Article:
Thoughts on tour

I haven’t been able to write as much on here as I would have liked, due to the ridiculously time-consuming task of filming and editing every stop on this tour.  Someone messaged me on Twitter the other day, asking what the hold up was on the videos, and I just busted out laughing.  I guess it’s hard for people to understand how much time goes into making these 2-minute clips.  For each one, we get about three hours of footage (that’s why all of them have been so good — we whittle away A LOT).  Then we have to put that footage onto a computer, which tragically happens in real-time (i.e. another three hours).  Then we get to edit it, which usually takes another few hours.  I’m not exaggerating when I say that we’ll be working the entire time on this tour, even on our “days off.”  Thank god Greg (the other videographer) and I get along, because we have to spend a ton of time together.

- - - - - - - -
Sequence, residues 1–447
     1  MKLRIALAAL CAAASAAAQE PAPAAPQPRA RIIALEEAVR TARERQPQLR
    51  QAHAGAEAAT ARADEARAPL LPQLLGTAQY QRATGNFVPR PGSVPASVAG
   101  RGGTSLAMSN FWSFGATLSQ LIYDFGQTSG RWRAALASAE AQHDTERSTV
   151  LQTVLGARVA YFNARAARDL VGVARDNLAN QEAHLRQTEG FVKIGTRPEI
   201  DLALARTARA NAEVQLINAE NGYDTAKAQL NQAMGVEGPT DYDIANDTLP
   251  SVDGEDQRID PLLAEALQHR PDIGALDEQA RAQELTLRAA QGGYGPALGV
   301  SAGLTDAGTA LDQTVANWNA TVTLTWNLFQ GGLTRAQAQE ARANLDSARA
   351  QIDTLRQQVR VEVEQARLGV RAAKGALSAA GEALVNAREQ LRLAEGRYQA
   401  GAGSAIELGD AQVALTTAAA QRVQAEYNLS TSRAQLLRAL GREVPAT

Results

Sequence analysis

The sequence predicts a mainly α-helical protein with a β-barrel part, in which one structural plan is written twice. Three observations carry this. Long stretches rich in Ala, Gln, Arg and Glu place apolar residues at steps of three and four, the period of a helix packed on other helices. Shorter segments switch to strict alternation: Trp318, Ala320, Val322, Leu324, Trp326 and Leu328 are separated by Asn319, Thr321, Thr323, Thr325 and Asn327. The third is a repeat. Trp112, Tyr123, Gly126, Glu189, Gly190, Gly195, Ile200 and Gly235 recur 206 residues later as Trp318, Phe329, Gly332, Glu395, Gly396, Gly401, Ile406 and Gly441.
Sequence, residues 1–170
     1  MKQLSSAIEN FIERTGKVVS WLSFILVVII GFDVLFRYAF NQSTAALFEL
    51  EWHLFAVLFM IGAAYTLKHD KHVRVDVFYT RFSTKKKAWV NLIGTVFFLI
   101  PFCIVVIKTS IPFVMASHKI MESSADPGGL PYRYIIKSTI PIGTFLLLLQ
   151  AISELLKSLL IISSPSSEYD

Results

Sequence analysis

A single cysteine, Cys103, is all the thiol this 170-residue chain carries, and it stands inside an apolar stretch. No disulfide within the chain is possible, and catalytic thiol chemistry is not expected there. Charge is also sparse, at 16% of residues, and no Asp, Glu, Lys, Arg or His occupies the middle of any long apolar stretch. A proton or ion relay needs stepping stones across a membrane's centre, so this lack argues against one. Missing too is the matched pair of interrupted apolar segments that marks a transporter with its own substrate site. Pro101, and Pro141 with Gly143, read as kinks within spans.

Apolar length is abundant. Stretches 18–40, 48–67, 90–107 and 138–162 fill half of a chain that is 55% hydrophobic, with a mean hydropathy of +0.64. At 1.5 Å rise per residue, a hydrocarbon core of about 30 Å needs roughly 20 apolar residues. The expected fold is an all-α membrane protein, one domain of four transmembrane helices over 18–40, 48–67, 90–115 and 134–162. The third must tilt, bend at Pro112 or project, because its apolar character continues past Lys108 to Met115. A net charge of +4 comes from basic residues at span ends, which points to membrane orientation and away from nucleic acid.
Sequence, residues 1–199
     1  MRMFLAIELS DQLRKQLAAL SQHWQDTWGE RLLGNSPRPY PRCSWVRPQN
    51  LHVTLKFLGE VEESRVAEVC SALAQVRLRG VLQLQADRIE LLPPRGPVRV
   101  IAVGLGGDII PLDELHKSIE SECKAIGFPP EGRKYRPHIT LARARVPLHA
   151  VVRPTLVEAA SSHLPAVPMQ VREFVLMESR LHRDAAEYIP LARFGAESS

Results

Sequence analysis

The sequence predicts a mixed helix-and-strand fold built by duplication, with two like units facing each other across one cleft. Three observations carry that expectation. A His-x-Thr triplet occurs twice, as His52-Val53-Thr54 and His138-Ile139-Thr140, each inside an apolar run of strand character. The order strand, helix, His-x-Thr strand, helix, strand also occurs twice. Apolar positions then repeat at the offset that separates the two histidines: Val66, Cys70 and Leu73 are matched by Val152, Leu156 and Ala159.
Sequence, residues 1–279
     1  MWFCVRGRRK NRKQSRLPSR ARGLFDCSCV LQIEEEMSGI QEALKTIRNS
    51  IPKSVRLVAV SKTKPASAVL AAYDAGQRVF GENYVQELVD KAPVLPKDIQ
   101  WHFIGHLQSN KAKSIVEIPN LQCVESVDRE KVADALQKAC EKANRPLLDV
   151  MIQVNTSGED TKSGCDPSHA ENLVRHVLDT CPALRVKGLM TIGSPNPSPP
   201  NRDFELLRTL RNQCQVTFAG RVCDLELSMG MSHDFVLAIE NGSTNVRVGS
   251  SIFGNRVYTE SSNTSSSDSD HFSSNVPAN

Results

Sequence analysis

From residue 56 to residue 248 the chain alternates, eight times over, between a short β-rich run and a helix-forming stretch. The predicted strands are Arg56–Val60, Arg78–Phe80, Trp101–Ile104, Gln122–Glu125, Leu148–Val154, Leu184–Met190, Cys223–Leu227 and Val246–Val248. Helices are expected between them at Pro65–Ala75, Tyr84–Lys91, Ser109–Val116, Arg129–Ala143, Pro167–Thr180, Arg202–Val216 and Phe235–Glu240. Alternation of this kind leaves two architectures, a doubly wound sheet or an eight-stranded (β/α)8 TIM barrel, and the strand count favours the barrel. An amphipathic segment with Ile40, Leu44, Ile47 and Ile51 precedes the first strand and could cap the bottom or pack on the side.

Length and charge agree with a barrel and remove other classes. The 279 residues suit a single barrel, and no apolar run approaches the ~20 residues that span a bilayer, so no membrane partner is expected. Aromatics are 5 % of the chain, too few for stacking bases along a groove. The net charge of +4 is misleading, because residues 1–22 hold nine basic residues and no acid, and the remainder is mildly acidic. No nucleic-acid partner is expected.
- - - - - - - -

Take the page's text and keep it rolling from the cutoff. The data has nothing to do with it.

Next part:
I don’t want it to seem like I’m complaining, because I’m not.  The tour has been awesome and really fun so far, and I knew going into this how crazy the hours were going to be.  In exchange for remaining in a perma-exhausted state, I’m getting paid to receive a film school-level education in less than six weeks.  Sounds like a good deal to me.

It’s funny, because whenever I really try to explain to anyone what I do or how I got here, their eyes kind of glaze over and I can see my explanation flying straight over their head.  This is probably my fault, as I haven’t found a succinct way to explain it yet, but I also think that they just never considered a path like this as being within the realm of possibility.  And actually, I wouldn’t think it was possible either a few years ago.